The post-Justin Thomas era at Georgia Tech, shrouded in a close-the-airport kind of fog, gained some startling clarity Monday night.
Tech and Paul Johnson opted to go with the Marshall Plan. It worked.
As in TaQuon Marshall, the junior from Hamilton, Ga., who began his days at Tech as first an A-back. Then a quarterback entrusted to throw but a single pass (a completion) as a sophomore. Then the man sent out for his first start Monday with Thomas moved on, before an audience of 75,107 at Mercedes-Benz Stadium. Many of them unfriendlies. Many of them emboldened by drink.
All Marshall did with this opportunity was run for 249 yards and five touchdowns on 44 carries. The only time Tennessee stopped him all night was on an overtime two-point conversion that cost the Yellow Jackets a 42-41 loss.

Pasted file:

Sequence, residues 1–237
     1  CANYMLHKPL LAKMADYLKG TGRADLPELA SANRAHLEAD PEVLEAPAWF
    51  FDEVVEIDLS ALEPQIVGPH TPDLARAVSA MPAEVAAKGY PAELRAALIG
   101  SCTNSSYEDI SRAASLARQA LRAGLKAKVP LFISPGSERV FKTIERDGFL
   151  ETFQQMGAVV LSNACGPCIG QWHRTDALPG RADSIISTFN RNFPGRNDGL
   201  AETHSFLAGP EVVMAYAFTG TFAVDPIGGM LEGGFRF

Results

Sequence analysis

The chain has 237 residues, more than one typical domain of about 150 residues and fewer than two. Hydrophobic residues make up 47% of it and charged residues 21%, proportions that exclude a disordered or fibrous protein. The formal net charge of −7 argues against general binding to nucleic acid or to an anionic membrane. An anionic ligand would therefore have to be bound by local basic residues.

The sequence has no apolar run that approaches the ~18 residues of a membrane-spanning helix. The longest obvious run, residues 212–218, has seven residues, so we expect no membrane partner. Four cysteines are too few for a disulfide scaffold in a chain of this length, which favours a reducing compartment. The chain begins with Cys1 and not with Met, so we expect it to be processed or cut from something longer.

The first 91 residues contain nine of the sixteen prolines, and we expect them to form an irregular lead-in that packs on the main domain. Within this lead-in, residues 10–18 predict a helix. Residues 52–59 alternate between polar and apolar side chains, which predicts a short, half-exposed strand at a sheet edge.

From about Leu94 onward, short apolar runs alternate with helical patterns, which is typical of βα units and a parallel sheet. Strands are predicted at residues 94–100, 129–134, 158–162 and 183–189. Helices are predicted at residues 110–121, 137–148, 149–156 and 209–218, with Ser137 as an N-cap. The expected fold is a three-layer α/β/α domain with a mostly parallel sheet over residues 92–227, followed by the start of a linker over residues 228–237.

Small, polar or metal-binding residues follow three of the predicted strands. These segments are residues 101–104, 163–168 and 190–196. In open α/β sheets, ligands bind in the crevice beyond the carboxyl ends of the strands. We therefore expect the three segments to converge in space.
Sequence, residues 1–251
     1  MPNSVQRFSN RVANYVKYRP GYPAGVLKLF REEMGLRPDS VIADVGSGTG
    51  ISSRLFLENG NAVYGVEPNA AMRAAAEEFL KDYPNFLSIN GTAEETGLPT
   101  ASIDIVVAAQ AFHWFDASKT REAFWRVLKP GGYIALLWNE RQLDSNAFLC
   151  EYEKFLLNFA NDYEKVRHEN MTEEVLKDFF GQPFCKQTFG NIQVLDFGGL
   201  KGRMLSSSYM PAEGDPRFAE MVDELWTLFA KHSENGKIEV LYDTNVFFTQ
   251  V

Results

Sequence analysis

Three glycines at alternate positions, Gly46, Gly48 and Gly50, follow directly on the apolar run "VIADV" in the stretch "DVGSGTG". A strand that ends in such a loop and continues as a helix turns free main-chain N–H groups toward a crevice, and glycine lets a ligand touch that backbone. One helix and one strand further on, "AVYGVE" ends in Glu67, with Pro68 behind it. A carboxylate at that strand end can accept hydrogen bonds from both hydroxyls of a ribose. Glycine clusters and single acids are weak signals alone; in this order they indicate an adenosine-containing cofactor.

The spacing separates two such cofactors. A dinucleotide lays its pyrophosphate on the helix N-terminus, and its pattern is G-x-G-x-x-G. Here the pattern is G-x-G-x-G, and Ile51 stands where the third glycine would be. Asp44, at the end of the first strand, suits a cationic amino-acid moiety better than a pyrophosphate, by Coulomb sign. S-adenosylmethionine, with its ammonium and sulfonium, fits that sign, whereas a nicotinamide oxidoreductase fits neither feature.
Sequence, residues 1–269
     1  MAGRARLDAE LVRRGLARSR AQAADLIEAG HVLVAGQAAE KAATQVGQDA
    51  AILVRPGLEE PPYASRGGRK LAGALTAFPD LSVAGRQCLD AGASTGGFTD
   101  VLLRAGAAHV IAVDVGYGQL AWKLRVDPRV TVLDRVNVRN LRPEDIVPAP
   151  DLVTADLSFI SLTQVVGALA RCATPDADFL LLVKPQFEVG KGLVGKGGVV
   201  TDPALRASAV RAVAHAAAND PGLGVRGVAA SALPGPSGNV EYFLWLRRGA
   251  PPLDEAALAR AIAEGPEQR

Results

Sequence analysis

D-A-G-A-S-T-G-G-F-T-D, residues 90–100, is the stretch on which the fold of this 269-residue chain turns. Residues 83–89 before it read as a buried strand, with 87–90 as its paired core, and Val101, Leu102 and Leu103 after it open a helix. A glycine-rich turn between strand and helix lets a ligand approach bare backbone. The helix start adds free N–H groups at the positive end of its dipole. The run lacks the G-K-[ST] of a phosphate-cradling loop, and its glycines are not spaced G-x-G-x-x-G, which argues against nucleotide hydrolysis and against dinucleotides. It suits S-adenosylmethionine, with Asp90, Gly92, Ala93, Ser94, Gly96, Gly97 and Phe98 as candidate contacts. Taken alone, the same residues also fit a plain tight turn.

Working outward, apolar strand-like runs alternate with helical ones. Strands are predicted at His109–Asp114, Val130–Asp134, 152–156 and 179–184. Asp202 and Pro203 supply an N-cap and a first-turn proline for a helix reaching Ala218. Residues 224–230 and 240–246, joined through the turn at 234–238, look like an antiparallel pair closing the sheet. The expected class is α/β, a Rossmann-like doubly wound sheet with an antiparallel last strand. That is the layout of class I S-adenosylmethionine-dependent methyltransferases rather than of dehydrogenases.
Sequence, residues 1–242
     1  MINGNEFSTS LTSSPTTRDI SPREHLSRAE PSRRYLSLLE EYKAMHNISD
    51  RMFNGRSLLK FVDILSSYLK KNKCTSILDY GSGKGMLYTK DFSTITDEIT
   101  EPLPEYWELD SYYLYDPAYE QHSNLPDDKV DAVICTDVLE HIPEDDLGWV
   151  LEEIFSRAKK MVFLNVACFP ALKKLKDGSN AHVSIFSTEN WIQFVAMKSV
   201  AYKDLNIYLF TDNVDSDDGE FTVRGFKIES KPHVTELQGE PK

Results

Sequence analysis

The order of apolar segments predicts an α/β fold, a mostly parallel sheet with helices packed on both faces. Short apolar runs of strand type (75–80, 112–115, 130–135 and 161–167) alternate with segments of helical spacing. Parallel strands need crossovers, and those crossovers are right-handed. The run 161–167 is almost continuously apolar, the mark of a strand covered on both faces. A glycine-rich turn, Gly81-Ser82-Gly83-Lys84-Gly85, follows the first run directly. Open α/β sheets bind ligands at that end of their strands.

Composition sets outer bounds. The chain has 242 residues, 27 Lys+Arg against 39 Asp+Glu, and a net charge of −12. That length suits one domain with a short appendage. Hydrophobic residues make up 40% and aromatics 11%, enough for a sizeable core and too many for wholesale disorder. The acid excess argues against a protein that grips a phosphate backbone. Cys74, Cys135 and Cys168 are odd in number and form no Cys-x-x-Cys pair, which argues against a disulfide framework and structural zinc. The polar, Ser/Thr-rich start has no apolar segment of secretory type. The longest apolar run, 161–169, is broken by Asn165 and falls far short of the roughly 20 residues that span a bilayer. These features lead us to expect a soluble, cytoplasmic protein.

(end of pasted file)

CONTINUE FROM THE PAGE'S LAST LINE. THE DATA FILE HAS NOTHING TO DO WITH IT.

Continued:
With his third possession as a starter – the nerves settled – Marshall and the Yellow Jackets offense began a roll that lasted the rest of the night. He completed his first pass of 2017, a 44-yard catch and run by Ricky Jeune that teased the fingertips of a Volunteer safety. With six seconds left in the first quarter Marshall finished off an 86-yard touchdown drive with a 1-yard plunge.
Let the record show Marshall’s first collegiate incompletion came with 10:47 left in the second quarter. Followed immediately by his first fumble, which the Vols redeemed for a 46-yard scoring drive to tie the score 7-7.
But Marshall seemed to gain comfort and confidence with every snap. How about piling up 655 yards on Tennessee? How about a time of possession advantage of 56:27-18.33?
The other junior quarterback that some had measured for this starting job, Matthew Jordan, saw the field for two plays after the starter was shaken up. Otherwise, this was Marshall’s day, all the way, in every way but the final score.
Support real journalism. Support local journalism. Subscribe to The Atlanta Journal-Constitution today. See offers.
Your subscription to the Atlanta Journal-Constitution funds in-depth reporting and investigations that keep you informed. Thank you for supporting real journalism.